In Left Behind, millions of people—many of them children, the rest pure of heart and intention—suddenly and simultaneously blip out of existence, piles of empty clothes marking the final spot of land they occupied. Were they abducted by aliens? Were they vaporized by some powerful new weapon? Or is it all just a grand illusion, a trick played on the folks still standing? Even for those unfamiliar with the source material, a series of eschatological bestsellers by Tim LaHaye and Jerry B. Jenkins, the explanation for this worldwide phenomenon should be pretty obvious. And yet for most of its two-hour runtime, Left Behind plays coy, not a single one of its characters uttering the “R” word. It’s an odd oversight, given they spend most of the 45 minutes before the mass disappearance having long, awkward conversations with complete strangers about their religious beliefs (or lack thereof).

An evangelical missing-person whodunit for moviegoers who already know who done it (Hint: The culprit has His reasons), Left Behind is flush with mysteries of a different sort. Like how, for example, producer Paul LaLonde managed to make a version of this story even chintzier and more ridiculous than the Kirk Cameron flop he spearheaded 14 years ago. And then there’s the question of why Nicolas Cage, of all secular movie stars, agreed to headline this faith-based clunker. Perhaps he claimed a sizable chunk of the film’s $15 million budget, little of which seems to have made it on-screen. (Some of the film was shot in the Baton Rouge airport, standing in for JFK. Most of the film looks like it was shot in or around the Baton Rouge airport.)

Unlike the previous (and, again, improbably superior) adaptation, this Left Behind takes a micro approach to the end times, doing away with many of the globe-hopping elements. Cage plays Rayford Steele, a pilot who cheats on his wife (Lea Thompson), apparently because he can’t stand the fact that she’s found God. His daughter, Chloe (Cassi Thomson), introduced dressing down a doomsday prophet in the airport, has come to Long Island to surprise her father for his birthday. Rayford, however, has to fly to London, and so the two share a bittersweet reunion—but not until after Chloe has met cute with famous investigative reporter Buck Williams (Chad Michael Murray), who just about every single character in the movie knows by name and face. Coincidentally, he ends up aboard the same plane Rayford is flying; the movie has a way of making New York City seem like a small town, with acquaintances running into each other in passing.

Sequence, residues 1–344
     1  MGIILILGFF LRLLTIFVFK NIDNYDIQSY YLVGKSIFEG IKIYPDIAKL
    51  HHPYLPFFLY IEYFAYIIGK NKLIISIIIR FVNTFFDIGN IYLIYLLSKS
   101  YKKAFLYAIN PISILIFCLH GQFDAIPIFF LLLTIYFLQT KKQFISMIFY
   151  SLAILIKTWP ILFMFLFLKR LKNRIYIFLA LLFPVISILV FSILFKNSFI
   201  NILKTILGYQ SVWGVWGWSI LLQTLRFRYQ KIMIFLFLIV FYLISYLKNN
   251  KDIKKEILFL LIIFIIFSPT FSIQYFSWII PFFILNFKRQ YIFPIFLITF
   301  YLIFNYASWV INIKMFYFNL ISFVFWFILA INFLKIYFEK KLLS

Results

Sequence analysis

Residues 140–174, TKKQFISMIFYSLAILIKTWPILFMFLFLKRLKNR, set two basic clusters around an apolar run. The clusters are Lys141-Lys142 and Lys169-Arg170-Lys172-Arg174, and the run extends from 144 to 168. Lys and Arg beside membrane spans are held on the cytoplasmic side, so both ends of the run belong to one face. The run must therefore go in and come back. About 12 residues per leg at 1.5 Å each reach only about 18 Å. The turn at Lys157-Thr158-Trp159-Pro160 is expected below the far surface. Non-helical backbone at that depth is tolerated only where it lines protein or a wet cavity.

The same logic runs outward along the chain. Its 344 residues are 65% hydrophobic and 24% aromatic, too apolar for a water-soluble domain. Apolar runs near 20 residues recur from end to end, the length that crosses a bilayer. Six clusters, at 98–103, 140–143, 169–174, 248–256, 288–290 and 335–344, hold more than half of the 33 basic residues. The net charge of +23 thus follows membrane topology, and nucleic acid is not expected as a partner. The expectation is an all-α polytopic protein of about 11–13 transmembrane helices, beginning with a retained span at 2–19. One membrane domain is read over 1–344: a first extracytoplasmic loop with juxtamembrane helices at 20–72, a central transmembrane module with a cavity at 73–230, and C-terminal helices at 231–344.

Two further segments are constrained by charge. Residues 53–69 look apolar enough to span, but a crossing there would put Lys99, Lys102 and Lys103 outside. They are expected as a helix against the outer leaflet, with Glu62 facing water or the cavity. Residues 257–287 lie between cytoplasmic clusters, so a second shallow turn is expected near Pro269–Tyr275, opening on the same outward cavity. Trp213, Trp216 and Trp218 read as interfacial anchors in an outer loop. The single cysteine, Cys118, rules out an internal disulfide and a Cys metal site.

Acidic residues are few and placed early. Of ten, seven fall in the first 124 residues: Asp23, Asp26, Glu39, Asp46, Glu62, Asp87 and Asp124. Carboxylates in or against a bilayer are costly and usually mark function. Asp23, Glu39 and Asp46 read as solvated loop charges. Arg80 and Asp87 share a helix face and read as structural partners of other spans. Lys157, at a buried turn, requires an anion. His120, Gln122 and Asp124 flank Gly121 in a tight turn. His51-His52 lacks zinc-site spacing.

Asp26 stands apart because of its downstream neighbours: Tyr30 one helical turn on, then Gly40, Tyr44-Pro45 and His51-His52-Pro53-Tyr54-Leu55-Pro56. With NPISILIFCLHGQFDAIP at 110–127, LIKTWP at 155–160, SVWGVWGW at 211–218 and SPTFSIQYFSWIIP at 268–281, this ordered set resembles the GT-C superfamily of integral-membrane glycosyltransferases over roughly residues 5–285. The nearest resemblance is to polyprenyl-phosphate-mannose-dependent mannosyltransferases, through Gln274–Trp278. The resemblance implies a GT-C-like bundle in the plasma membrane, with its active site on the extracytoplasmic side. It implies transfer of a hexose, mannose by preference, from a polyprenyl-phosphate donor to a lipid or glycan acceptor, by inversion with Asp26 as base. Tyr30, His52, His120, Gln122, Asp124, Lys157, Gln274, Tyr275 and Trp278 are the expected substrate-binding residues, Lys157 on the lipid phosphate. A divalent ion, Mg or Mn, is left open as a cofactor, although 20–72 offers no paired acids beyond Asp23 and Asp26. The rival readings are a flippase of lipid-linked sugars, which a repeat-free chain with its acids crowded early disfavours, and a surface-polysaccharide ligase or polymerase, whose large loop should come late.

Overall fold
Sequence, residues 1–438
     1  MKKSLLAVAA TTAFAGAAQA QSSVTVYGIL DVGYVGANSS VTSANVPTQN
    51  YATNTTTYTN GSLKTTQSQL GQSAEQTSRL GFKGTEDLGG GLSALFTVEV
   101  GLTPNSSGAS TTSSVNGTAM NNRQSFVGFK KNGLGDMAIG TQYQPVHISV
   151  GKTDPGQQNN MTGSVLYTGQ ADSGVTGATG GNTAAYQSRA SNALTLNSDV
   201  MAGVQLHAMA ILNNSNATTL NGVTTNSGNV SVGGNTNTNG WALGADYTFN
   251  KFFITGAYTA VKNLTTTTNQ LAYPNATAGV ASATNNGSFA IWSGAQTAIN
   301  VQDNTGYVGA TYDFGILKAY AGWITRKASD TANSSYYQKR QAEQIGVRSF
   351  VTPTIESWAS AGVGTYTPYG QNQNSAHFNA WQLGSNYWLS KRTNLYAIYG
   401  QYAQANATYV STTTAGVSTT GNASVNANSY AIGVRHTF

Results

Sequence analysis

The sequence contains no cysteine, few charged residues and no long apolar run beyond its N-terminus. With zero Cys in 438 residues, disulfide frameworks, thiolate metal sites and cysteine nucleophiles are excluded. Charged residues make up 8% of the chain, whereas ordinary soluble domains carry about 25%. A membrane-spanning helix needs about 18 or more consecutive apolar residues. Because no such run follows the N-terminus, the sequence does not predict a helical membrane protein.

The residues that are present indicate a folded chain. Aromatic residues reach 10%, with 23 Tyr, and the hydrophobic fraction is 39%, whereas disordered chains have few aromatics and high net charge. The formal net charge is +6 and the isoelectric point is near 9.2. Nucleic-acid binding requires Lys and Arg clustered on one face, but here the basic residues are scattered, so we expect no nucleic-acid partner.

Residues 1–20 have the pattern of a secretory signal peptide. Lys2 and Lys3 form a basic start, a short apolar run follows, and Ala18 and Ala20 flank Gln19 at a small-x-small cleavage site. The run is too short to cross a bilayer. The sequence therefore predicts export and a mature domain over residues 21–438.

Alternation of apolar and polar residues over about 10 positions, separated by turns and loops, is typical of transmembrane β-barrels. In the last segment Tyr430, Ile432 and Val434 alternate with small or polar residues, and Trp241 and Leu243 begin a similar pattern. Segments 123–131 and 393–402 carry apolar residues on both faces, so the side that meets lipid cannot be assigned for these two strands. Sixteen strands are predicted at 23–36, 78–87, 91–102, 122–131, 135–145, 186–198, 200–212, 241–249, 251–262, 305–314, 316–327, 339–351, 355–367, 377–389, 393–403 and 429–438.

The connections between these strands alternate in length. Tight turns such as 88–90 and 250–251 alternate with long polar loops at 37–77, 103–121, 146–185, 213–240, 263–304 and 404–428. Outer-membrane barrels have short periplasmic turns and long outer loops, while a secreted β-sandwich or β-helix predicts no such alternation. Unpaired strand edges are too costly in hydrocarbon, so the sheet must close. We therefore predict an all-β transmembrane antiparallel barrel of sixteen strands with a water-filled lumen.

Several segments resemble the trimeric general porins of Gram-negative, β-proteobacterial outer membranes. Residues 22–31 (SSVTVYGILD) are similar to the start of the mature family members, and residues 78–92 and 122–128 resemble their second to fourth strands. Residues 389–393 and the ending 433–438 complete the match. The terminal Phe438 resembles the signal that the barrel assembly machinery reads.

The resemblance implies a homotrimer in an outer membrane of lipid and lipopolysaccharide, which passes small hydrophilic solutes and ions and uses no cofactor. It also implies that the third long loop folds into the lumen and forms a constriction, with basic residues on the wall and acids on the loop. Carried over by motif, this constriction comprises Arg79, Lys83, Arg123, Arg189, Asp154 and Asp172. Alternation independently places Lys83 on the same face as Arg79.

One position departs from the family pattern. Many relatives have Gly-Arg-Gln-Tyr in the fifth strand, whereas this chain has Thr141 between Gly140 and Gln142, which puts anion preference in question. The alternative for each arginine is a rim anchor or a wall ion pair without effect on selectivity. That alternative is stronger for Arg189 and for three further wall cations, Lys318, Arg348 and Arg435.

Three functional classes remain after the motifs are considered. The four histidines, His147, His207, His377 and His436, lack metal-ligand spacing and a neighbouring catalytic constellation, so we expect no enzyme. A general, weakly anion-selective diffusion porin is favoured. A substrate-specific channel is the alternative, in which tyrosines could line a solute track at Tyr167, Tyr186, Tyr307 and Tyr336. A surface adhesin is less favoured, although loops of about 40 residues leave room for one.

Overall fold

Filming the action through a series of jerking pans and unmotivated zooms, stuntman-turned-director Vic Armstrong tracks parallel dilemmas once the big disappearance occurs. Aboard the NYC-to-London flight, a group of colorful characters debate their predicament, demand answers, and provide some groan-worthy comic relief; this group of lost souls includes a ditzy drug addict, a smarmy rich guy, a conspiracy theorist, and a Muslim man who the film explicitly takes time to establish as a kind, devout fellow, presumably so the audience will understand that even the nice practitioners of other religions are denied salvation. Meanwhile, on ground level, Chloe makes her way across a chaotic Long Island, narrowly avoiding being run down by both a driver-less car and a pilot-less plane. It’s mass hysteria in the streets, which Armstrong conveys by having hordes of extras run around in panic, waving their hands above their heads.

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One need not be a Godless heathen to find fault in Left Behind’s message-delivery system: It’s a fire-and-brimstone sermon wrapped in the tissue of a bad disaster thriller—a criticism that’s dogged the book series since its earliest installments. But this adaptation is so broad, cartoonish, and ineptly made that harping on its theological methods seems like overkill; even diehard devotees of the franchise may crack up when, say, Rayford finally figures out what’s going on by flipping through the personal calendar of one of the departed—and then breaking down into sobs when he finds the words BIBLE STUDY scrawled ominously on an open page. This Left Behind may be worse than the last Left Behind, but it’s much less boring, thanks in part to the commitment of its star, who plays the often ludicrous material with the straightest of faces. The Cage works in mysterious ways.